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Uprooted Children Find a Friend in Court

February 26, 1987|IDELLE DAVIDSON | Davidson is a West Los Angeles free-lance writer.

In 15 crowded courtrooms in downtown Los Angeles, the futures of numerous young children are decided. Many have been removed from their homes because of abuse, abandonment or neglect. The children ask: "Who will take care of me?" "Where will I go?" "Will I see my family again?"

Marcia Herrman helps to find the answers.

Herrman, who lives in Studio City, is one of 250 volunteers who work for the Child Advocates Office. Last April the Board of Supervisors, choosing from among 79,000 county volunteers, honored her as Volunteer of the Year for her work in helping children make their way through the bureaucracy of the court system.

A semi-retired child development specialist in her 50s, Herrman has a gentle and unimposing manner. Her gentle appearance is matched by soft, cautious words. She is careful not to refer to any of her client children by even their first names. When she does speak in specifics, she uses pseudonyms to protect confidentiality.

The Child Advocates Office, a program that is conducted under the auspices of the Superior Court, draws a special type of volunteer, said director Barbara Sanchez Smart.

"They're carefully screened. We select only the most dedicated, committed, caring people," Smart said. But Herrman was given the award, she believes, for more than those qualities.

'Go to Lengths Necessary'

"When she is working on behalf of a child, she will go to whatever lengths necessary to insure that the child's needs are met," said Smart. "She can be very assertive on one hand, but on the other hand she can be diplomatic and caring. It's almost like a passion that she has for ensuring that children and their families are treated fairly."

One of the initial experiences children have with the Child Advocates Office is with the Children's Court Assistant program, which Herrman helped pioneer. She saw a need, she said, to help children understand what was happening to them.

"You have to put yourself into the shoes of the child," she said. "Something happens during the day or at night and all of a sudden there are police who come and take the child away. Parents are crying or the rest of the family is screaming.

"And what does that child experience? The child is taken to either a foster home, shelter care home or MacLaren's Children Center. They must be in court within 72 hours. There can be 50 children in court that day. That means five minutes each hearing to decide whether to keep them apart from their parents."

As a court assistant, Herrman or another volunteer stays with the child. A film is shown to the children explaining the process and who the court personnel are.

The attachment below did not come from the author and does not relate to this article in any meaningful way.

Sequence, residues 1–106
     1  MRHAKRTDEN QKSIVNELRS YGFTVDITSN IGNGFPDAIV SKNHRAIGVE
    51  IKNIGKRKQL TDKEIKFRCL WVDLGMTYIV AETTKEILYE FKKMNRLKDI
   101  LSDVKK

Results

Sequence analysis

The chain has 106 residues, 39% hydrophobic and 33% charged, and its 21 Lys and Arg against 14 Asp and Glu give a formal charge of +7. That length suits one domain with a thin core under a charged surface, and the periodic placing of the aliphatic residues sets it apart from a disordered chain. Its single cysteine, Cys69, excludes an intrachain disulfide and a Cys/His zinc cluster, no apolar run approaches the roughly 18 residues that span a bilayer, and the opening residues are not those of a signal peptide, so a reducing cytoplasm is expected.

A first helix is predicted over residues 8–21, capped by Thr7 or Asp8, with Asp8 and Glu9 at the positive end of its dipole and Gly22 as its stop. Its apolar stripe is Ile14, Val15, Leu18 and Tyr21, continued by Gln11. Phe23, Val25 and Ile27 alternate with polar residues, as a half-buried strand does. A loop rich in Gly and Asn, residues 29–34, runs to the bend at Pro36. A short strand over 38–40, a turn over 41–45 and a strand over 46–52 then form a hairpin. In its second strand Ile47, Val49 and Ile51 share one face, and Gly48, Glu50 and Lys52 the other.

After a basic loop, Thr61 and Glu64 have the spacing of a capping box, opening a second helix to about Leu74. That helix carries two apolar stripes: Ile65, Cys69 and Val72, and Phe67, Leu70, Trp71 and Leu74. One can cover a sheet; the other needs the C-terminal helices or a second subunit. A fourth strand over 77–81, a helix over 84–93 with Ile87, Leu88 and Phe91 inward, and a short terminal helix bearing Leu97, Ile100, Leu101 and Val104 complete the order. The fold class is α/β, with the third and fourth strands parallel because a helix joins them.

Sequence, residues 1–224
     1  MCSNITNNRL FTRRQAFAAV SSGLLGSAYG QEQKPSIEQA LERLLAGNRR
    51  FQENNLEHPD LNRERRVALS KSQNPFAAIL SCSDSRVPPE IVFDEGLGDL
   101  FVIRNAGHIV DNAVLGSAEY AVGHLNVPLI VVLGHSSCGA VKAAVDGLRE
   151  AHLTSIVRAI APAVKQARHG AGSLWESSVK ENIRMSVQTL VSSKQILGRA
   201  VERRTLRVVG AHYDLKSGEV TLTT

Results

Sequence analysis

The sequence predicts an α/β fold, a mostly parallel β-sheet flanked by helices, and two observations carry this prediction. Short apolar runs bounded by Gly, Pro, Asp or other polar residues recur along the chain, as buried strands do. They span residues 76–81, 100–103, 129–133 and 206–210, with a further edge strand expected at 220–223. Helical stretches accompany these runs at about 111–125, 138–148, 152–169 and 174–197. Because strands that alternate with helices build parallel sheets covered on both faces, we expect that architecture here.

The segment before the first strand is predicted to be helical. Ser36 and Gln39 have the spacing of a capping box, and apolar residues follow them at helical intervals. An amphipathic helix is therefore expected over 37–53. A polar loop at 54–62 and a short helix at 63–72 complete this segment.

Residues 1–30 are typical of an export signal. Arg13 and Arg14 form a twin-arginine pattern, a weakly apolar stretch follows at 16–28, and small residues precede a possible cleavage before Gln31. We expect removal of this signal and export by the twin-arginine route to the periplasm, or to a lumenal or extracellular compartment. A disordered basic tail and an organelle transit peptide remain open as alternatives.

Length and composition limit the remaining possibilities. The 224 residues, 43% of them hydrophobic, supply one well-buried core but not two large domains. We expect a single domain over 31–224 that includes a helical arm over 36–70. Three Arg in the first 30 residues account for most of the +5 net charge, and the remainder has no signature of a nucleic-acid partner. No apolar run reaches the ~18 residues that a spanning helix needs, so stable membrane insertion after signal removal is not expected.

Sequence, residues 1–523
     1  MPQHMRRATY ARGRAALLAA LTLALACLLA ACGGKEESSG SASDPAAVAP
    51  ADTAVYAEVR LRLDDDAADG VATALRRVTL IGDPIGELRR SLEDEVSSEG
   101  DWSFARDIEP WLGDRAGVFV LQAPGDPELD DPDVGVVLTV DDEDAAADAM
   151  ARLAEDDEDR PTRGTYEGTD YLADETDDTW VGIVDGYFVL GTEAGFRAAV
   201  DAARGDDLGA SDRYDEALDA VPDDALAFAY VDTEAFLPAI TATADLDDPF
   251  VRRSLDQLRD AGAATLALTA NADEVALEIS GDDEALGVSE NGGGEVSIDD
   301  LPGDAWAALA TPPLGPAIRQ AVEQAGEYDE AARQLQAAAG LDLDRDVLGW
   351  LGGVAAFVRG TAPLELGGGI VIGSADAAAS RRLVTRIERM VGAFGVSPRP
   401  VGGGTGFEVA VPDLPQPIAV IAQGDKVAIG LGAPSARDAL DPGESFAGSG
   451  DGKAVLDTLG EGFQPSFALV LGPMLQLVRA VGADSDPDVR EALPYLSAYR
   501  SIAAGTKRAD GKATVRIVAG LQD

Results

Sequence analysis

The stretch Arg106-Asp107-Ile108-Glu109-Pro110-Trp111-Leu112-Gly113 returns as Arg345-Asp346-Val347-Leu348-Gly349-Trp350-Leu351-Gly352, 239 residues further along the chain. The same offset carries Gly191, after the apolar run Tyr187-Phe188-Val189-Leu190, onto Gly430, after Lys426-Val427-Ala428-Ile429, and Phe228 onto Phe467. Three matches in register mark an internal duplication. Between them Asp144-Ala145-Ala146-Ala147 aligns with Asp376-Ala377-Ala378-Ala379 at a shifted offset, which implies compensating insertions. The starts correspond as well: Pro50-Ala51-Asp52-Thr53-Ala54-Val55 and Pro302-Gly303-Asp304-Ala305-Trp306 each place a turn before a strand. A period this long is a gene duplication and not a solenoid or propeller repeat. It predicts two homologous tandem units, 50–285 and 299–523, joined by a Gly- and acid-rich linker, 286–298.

They Come in So Frightened

"We try to personalize it a little bit," she said. "We ask, do you want to go home, do you not want to go home? Then, when they leave court, we tell them what has been decided."

They come in so frightened, said Herrman. After a while they begin to relax.

"They'll say, 'Thank you,' and 'Can I have something to eat?" and 'Gee, it's boring.' They become children."

Herrman is also credited for her work as a guardian ad litem, or child's advocate throughout the entire court procedure. In her 3 1/2 years as a volunteer, she has represented only a few children as a guardian, but hundreds in shelter care and at MacLaren Children's Center.

One such child she represented was 4 1/2-year-old Janine, who was sexually abused by friends of her mother and taken away from her mother.

'This Was a Crisis'

"I took her for mental health services immediately because I believed this was a crisis," said Herrman. "There had been a lot of sexual contact and knowledge, but she just wouldn't talk about it."

Bit by bit, Herrman got Janine to trust her. A warm relationship developed.

"She relaxed and began to understand to a remarkable degree what was happening. I became the treat lady. She called me mostly Marcia, but when people asked her who I was, she told them I was her grandmother."

Herrman thought it important to keep up the contact between Janine and her mother.

"I always brought messages to Janine. I brought pictures. I would always say, 'I spoke to your mother.' This mother was frequently angry with me because I was recommending that Janine not be returned to her.

"Slowly, she began to see that although I did not agree with her, I did care about her relationship with her child. I try not to blame people. You never know what life deals. This mother had her own trials and tribulations and I believe had been abused herself."

Herrman's schedule changes from week to week. Sometimes she'll work 20 hours a week, sometimes 40. She works at MacLaren's Children's Center every other week and believes her efforts there are among the most important of her volunteer job.

Seeks Proper Match

Some of the children there have been in 15 placements--foster homes--Herrman said. She interviews them to find out, in their opinion, what went wrong at the foster home and how the court can help to make a better match.

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